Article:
How to Teach Football to Children
Explaining football and teaching the game to children appears to be a daunting task. There are rules, positions and game strategies to consider. However, if you take the time to break it down slowly and the children you are teaching are interested in learning about the game, it will be much easier for the youngsters to pick up. Start off with the basics and show them a few fundamentals to help make learning the game enjoyable.
Explain that there are 11 players on each team. The team with the ball is trying to score, and that unit is called the offense. The opposing team is trying to stop the offense, and that group is called the defense.
Tell your students that the offense tries to advance the ball by running or passing the ball. The quarterback passes the football, the running backs run with it and the receivers catch passes. The offensive linemen provide the blocking that gives the other players the time and opportunity to make plays.
Explain that the defense tries to tackle the player with the football. In addition to tackling the offensive players, the defense tries to intercept passes and force fumbles. The defensive linemen try to keep the blockers from protecting the quarterback and opening holes for the running game. The linebackers tackle the running backs. The defensive backs try to bat down passes, intercept the ball or tackle receivers.
Teach players that the offense needs to gain 10 yards per possession to retain the ball by earning a first down. If the offense does not gain 10 yards, the opponent gains possession.
Explain to youngsters that professional games consist of four 15-minute quarters and so do college games. High-school games usually consist of four 12-minute quarters. If the games are tied at the end of four quarters, overtime is played.
Explain that the offense wants to move the ball all the way down the field and put the ball in the end zone for a touchdown. A touchdown is worth 6 points. After the touchdown is scored, a team attempts a point after touchdown by kicking the ball through the goalposts. A team can score 2 points after the touchdown by running or passing the ball into the end zone. The extra-point attempts are attempted from the 3-yard line.
Tell youngsters that a team can kick a field goal worth 3 points if it does not get the ball into the end zone for a touchdown. A field goal is successful when the ball is placed on the ground and kicked through the uprights.
Tell the children that a team can score 2 points and record a safety if the opponent gets tackled with the ball in the endzone.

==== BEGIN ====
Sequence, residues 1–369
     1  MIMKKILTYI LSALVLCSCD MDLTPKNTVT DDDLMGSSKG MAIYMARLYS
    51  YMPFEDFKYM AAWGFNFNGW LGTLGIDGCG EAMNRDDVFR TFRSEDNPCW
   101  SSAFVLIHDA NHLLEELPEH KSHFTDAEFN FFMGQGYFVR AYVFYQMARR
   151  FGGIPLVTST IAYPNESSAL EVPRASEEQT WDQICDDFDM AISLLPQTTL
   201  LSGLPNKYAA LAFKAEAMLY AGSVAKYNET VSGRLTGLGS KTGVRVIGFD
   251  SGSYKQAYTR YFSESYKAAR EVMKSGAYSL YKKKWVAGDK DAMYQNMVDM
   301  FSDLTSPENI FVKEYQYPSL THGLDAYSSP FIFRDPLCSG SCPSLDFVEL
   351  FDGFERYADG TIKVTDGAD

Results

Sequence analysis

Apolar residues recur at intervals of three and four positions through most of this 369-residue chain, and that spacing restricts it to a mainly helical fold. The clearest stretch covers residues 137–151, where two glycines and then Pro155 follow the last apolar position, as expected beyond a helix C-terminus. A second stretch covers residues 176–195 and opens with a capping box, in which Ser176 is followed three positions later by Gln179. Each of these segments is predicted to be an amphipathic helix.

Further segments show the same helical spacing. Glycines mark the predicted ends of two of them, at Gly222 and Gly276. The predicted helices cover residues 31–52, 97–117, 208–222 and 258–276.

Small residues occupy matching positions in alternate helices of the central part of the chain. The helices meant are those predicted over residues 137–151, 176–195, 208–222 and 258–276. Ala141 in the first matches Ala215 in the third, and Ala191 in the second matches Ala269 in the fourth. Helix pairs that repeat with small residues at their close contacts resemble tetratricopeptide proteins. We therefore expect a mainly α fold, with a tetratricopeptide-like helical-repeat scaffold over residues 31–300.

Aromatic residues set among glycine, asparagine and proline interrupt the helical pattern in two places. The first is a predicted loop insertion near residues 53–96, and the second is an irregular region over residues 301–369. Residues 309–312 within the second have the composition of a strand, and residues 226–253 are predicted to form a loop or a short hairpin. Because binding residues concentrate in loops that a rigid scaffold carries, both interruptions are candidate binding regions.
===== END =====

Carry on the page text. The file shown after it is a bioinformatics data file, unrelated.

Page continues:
Play the Game
Show the youngsters how to pass the football. You must put your fingers on the laces and then step and throw the ball to the receiver.
Demonstrate how to catch the ball with your hands. A receiver needs to put his hands out in front of his body and catch the ball and then bring the ball into his body. A receiver cannot let the ball hit his chest and then try to catch the ball.
Show a young person how to make a tackle. It's important that a youngster drives his shoulder into his opponent's midsection and then wrap his arms around the ball carrier and drive him to the ground. The most important thing is never to lead with your helmet when tackling. Players can suffer devastating head and neck injuries when leading with their helmet and this must be avoided at all levels of the game. While serious injuries at the youth level are uncommon according to a study performed by the Mayo Clinic Department of Orthopedic Surgery, players can learn the proper way to tackle as youngsters and have a much better chance of avoiding major injuries later on.
Watch a football game on television with your youngster and point out what the quarterback is doing, how the offensive line is blocking and how the defense is attempting to stop the offense. Watching a high-school or college game is exciting, but it is much easier to teach the game when watching it on television. Record the game so you can go over the big plays and key moments.
- "Play Football the NFL Way"; Tom Bass; 1991
- Sayfco: Injuries Uncommon in Youth Football, Mayo Clinic Study Reports
Steve Silverman is an award-winning writer, covering sports since 1980. Silverman authored The Minnesota Vikings: The Good, The Bad and The Ugly and Who's Better, Who's Best in Football -- The Top 60 Players of All-Time, among others, and placed in the Pro Football Writers of America awards three times. Silverman holds a Master of Science in journalism from the Medill School of Journalism.